For most of his life he didn’t sport a turban, but, for his electoral debut from the religious hotbed Tarn Taran, former Olympian wrestler Kartar Singh, a Jat Sikh, decided to don the turban. An important question remained: What should be the style of the turban? “I was in a fix as to what will suit me and also keep me recognisable. I decided to go with the way my idol, wrestler Dara Singh, used to tie the turban,” says Kartar, 64, who is contesting on the Aam Aadmi Party (AAP) ticket.
“After a dangal (traditional wrestling tournament in mud), people tie a turban to honour the winner. Now for quite some time I am permanently donning the same style and people are liking my new look,” adds the Arjuna awardee.
Kartar has given us time to join him at village Dhand where he is to carry out door-to-door campaigning. At the last moment there is a change in schedule, as a local AAP volunteer, Rana Pratap Singh, an ex-serviceman, has managed to convince a family in the nearby village Harbanspura to leave the Shiromani Akali Dal (SAD) to join the AAP.
“I have a relative in the village and through him I was able to convince the entire clan that AAP is the only alternative to save Punjab,” says Rana Pratap, known as ‘Fauji’ (armyman) in AAP circles. “Which party gives such importance to volunteers at the grassroots that they have a direct say with the top brass and get programmes changed?”
Kartar, famous as ‘Kartar pehalwan’ (wrestler) in the rural belt across the state, has youngsters coming to touch his feet as they are delighted to have a wrestling champion at their doorstep.
His native village Sur Singh Wala is in Khemkaran segment, but he is banking on his star appeal to gather support here.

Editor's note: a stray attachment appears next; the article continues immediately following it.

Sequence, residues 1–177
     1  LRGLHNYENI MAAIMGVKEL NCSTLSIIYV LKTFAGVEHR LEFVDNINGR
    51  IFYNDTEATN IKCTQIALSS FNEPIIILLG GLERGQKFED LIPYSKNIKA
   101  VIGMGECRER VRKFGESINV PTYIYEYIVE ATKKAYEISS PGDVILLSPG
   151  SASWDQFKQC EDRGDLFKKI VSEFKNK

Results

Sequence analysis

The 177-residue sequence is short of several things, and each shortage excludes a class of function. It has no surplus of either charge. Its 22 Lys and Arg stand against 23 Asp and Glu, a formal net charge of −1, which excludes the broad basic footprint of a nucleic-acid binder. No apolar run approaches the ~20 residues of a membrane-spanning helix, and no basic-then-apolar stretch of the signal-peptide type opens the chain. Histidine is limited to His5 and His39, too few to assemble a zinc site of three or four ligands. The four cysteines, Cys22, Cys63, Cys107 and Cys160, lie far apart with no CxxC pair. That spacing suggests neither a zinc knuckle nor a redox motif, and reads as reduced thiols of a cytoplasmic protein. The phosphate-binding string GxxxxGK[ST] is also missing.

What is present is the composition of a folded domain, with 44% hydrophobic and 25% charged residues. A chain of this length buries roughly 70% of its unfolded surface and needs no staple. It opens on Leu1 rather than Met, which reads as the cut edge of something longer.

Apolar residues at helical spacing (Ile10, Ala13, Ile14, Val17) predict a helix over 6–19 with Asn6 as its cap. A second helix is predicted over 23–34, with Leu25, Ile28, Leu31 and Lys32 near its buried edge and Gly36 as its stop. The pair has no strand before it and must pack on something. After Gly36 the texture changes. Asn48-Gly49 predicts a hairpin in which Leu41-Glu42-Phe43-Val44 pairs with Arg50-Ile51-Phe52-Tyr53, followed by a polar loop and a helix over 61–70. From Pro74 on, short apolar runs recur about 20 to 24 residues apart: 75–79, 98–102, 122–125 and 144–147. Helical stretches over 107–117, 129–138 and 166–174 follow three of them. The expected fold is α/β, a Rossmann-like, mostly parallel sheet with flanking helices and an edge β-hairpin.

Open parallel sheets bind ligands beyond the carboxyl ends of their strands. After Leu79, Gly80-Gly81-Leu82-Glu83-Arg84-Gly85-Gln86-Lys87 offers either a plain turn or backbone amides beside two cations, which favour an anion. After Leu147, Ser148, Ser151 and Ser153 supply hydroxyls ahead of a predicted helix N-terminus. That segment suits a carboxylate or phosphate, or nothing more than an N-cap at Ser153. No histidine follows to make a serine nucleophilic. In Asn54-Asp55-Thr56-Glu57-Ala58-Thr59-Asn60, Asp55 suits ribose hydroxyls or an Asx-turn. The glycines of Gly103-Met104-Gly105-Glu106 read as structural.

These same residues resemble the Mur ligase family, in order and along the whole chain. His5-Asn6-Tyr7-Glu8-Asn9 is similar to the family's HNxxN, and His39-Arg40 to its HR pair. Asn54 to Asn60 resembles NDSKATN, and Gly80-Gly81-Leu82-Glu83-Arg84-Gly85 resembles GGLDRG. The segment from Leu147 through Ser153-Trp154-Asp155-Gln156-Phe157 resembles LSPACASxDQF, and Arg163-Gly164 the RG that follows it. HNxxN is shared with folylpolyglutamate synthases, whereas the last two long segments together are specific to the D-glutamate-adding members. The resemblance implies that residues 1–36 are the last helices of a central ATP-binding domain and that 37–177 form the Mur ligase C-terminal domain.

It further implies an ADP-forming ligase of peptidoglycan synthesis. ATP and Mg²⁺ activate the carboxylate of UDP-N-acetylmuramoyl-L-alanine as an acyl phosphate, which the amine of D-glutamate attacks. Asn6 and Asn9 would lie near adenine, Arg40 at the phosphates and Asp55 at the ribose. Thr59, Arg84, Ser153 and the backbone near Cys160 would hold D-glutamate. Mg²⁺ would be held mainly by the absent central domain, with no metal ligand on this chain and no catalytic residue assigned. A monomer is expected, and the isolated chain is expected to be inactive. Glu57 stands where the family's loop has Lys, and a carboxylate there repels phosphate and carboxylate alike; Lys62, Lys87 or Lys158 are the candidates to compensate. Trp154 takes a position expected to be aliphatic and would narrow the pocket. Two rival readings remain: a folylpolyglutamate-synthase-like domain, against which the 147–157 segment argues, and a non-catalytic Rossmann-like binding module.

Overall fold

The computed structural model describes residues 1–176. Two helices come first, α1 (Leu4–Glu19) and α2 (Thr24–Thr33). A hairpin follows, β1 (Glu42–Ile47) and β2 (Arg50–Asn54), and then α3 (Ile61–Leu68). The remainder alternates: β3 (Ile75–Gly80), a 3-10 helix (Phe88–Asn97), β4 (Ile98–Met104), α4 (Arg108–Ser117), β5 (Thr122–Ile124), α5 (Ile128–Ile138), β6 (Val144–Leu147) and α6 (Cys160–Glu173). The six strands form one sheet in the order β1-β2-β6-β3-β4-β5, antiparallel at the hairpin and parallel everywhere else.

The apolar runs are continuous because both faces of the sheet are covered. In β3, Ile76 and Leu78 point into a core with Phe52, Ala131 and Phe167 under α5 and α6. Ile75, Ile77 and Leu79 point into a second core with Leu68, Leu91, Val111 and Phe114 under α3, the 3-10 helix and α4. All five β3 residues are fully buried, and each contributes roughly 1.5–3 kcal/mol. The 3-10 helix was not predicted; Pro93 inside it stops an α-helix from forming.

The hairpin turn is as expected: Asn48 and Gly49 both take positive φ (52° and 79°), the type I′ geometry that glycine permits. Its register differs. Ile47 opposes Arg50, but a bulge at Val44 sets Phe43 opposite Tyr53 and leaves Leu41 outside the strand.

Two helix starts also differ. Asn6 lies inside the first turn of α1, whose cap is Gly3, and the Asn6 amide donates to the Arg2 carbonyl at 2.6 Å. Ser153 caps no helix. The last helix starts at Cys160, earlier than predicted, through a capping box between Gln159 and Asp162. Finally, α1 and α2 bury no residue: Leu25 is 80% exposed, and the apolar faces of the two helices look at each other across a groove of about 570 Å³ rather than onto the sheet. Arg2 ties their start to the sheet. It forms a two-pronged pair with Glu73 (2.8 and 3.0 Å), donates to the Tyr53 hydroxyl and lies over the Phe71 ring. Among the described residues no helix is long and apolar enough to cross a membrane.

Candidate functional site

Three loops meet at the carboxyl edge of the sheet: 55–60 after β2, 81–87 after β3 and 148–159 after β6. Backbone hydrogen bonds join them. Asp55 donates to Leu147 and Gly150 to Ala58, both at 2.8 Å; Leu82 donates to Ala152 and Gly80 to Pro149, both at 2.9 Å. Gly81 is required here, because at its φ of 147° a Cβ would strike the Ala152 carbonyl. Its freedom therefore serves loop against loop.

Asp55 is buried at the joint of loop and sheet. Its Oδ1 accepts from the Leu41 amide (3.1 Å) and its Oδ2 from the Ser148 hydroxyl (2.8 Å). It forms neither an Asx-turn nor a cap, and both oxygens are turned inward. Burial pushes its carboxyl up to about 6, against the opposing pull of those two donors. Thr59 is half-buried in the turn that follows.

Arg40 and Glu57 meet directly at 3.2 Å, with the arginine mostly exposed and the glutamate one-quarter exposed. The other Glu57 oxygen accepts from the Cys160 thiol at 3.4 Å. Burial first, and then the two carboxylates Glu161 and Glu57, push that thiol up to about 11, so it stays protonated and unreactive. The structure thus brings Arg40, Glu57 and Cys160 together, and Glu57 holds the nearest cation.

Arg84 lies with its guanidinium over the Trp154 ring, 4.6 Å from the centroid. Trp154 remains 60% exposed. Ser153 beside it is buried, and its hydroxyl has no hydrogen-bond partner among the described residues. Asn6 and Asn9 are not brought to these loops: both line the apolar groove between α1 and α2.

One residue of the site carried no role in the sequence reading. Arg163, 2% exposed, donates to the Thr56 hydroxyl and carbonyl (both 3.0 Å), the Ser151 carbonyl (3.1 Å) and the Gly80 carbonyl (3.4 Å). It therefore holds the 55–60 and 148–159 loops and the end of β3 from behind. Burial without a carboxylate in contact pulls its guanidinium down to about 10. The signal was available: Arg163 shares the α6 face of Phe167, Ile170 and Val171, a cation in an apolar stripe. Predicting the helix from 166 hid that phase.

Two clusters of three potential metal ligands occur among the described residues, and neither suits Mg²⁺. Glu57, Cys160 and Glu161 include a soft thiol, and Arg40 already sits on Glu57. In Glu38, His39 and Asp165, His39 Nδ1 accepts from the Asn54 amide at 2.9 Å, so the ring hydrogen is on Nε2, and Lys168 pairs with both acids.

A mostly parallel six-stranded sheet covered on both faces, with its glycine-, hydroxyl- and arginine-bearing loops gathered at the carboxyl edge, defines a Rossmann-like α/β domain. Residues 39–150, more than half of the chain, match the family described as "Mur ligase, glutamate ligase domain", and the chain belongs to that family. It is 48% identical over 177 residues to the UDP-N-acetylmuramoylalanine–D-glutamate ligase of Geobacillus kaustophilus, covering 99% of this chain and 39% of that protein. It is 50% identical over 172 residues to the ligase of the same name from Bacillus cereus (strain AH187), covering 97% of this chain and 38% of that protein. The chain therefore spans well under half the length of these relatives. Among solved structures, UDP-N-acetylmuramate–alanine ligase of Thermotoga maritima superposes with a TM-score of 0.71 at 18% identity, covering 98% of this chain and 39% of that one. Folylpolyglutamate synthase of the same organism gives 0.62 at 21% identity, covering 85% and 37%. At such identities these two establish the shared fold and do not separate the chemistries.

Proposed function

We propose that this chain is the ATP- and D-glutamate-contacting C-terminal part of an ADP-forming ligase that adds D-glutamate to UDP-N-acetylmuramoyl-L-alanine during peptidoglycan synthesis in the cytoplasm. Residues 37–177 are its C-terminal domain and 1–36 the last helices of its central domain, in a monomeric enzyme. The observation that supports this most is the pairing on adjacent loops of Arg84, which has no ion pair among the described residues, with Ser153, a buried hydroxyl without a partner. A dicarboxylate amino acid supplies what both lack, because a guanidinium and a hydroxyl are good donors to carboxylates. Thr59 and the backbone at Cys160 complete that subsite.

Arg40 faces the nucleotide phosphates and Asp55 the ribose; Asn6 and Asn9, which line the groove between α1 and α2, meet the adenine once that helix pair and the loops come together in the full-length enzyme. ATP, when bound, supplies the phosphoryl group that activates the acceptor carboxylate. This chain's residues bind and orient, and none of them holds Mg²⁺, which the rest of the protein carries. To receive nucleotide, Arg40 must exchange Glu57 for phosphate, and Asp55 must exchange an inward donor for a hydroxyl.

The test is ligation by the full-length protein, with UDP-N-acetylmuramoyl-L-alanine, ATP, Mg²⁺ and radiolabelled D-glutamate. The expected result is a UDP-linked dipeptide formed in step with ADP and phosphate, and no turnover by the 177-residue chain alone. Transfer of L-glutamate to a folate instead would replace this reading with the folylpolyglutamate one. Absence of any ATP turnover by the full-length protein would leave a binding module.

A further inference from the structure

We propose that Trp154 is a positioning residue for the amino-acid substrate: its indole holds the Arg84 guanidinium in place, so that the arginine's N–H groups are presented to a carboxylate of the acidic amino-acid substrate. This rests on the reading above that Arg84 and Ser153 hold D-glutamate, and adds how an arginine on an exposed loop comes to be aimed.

“In rural areas, people respect wrestlers. The elders and the ones of my age have seen me competing and winning dangals. That gives me an edge,” says Kartar, who retired from the rank of inspector general of police and also had a stint as sports director.
Kartar’s opening line after the salutation ‘Waheguru ji da Khalsa, Waheguru ji di Fateh’ was: “Punjab has become unhealthy, we will make it healthy.” He is talking about the drug menace, and strikes a chord with people from this area bordering Pakistan.
“The government’s education system in the area has collapsed and there are no sports stadiums. Instead of spending time on the sports field, youngsters are hooked to drugs. Whether it was the Akalis or the Congress, nobody did enough to tackle the problem; rather they patronise peddlers,” says Kartar, interacting with his new supporters.
“My sister’s only son, 15, died of the drug,” says Rana Pratap, who joined the party two years ago. “They have 20 acres of land and now their house is deserted.”
From Harbansupra, the next stop is for Chabal, a small town, for a road show. The day happens to be Baba Deep Singh’s birth anniversary, so there are a number of langars (community kitchen) organised on the way. Kartar makes it a point to stop and pay homage at each.
And his personal photographer is capturing it all for uploading on social media.
“The media is not giving us (AAP) adequate space and they are not highlighting the achievements of Arvind Kejriwal’s government in Delhi. So, we are depending on social media to reach out to people, especially the youth,” says Kartar. While blaming the media for biased reporting, AAP has come up with its own tabloid, ‘AAP Ki Kranti’, which is giving space only to AAP and hitting out at the rivals.
Kartar is pitted against Akali MLA Harmeet Singh Sandhu and Congress’ Dharambir Agnihotri.